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Observing the strategies of historians

What are the strategies associated with historical inquiry and historical thinking, and how have these strategies been identified? Following a tradition of research comparing strategic process of experts and novices (see, for example, Chase & Simon’s 1973 comparison of chess players), Wineburg (1991) pioneered research on historians’ reading processes. Using think aloud protocols he observed historians as they analyzed a collection of texts associated with the Battle of Lexington. He watched advanced high school students making sense of the same documents. Wineburg found that historians paid attention to the source of the text—seeking source information, noticing the genre, making inferences about the author(s), considering the audience and purpose, and evaluating its reliability and usefulness based upon its source. He labeled this strategy sourcing. Additionally, historians noticed similarities and differences between texts. They bounced between documents, cross-checking information. For instance, the historians questioned the accuracy of a textbook account, given the evidence in primary sources included in the document set. Wineburg called this strategy corroboration. Further, historians imaginatively considered the physical and social environment, a strategy Wineburg labeled contextualization. Students’ failure to engage in such thinking supported Wineburg’s conclusion that sourcing, corroboration, and contextualization were strategies that distinguished historians as readers. In broader terms, he suggested that experts in different fields may use different strategic processes—a basic assumption of this book.

It should not come as a surprise that professionally trained historians, with advanced degrees and years of experience, read differently than novices. Wineburg contended that this difference was linked to the nature of historical inquiry. Historians understand, for example, that texts represent human accounts and that historical knowledge is constructed by interrogating such evidence. Rouet et al. (1997) tested this hypothesis by comparing the reading of graduate students in psychology and history. In their study, the “novices” were comparable to the “experts” in age, general reading abilities, and academic expertise. These researchers found that individuals’ reading strategies differed based upon their purposes for reading. Historians approached the texts as evidence to be interpreted, whereas the psychologists focused on learning basic historical facts. Historians engaged in critical analysis (i.e., sourcing) whereas psychologists engaged in remembering (i.e., paraphrasing).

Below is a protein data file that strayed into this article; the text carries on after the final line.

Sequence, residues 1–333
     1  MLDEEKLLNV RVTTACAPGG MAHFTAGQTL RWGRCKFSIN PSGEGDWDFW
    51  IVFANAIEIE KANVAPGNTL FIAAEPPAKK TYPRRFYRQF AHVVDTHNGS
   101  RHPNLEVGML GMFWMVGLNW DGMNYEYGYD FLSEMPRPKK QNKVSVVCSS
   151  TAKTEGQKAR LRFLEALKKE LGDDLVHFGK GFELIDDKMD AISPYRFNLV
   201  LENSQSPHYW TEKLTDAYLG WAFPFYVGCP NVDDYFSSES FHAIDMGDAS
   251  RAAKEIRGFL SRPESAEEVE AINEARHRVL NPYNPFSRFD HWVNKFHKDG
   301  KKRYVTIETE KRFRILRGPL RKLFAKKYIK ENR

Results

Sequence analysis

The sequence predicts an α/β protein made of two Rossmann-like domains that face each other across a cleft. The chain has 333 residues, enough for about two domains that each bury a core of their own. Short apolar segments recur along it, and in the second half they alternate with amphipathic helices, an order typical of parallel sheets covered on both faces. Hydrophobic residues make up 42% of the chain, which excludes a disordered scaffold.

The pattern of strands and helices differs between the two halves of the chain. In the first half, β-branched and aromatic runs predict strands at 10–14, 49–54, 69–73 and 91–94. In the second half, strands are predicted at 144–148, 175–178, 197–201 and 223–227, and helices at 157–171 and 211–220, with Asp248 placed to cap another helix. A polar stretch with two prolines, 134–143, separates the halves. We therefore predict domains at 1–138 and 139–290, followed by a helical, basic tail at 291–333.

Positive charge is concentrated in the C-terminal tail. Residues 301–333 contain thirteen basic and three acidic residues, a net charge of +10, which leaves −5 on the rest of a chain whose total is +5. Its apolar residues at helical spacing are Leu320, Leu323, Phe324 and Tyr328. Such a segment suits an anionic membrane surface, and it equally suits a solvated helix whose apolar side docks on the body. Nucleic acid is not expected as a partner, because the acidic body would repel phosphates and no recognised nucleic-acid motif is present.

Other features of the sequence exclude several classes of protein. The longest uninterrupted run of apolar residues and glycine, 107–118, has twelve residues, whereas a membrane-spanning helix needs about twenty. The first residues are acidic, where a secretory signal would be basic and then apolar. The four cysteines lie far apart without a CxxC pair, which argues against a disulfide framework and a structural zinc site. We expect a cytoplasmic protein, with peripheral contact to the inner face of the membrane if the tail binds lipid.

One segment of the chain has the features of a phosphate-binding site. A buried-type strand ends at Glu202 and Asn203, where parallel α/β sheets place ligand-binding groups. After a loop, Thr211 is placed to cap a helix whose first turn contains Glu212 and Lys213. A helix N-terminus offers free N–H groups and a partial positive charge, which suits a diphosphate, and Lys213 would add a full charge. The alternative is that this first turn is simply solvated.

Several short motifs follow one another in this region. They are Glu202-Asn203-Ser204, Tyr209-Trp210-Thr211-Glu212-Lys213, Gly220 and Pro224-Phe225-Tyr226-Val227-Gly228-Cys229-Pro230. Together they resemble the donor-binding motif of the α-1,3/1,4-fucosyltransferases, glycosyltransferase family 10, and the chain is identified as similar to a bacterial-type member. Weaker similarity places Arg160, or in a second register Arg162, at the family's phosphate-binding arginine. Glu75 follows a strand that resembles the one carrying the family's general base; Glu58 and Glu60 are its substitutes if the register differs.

Building upon Wineburgs (1991) work, other researchers explored strategies that distinguish historians. Shanahan and his colleagues (2008, 2011) met with historians, mathematicians, chemists, and teacher educators and secondary school teachers in these fields for two years. They observed and spoke with them about their reading, seeking implications for classroom instruction and teacher preparation. Like Wineburg, these researchers found that historians thought deeply about the source of the text and evaluated that source’s credibility. In addition, historians approached a reading task with mild skepticism—viewing texts as fallible and positioned accounts, rather than as bearers of unadulterated information.

Wineburg (1998), too, had questions about the influence of historians’ content knowledge on their use of strategies, particularly contextualization. He hypothesized that contextualization required a detailed awareness of historical settings. He wondered whether historians could engage in contextualization in a content area for which they lacked background knowledge. He asked two historians, one with expertise on Lincoln and another without, to use a collection of documents to consider Lincoln’s views on race. Wineburg found that the historian who lacked expertise was originally perplexed by the evidence but was gradually able to construct an adequate understanding of the historical context from the content of the documents. This research indicated that rich background knowledge was not a prerequisite for contextualization but that readers could seek out contextual information. Historians are inclined to do so.

Seeking to further understand historians’ reading, Leinhardt and Young (1996) observed three historians read two documents—one closely related to their field of expertise and one unrelated. These researchers’ purpose was to differentiate historians’ textual reading of the document (i.e., comprehending word meanings) from their historical reading (i.e., engaging in interpretation). They hypothesized that historians would first identify the document, categorize it, and employ sourcing, corroboration, and contextualization to evaluate its reliability. Historians would then interpret the document through a textual and a historical read. The researchers found that historians did not consciously employ strategies, as such, but relied on procedural schema— scripts for identifying and interpreting evidence. For example, historians classify text genre, and based on this knowledge, use specific reading processes that guide how they read. After classifying a text as a letter, for instance, a historian notes the sender, recipient, and date before reading the body of the message.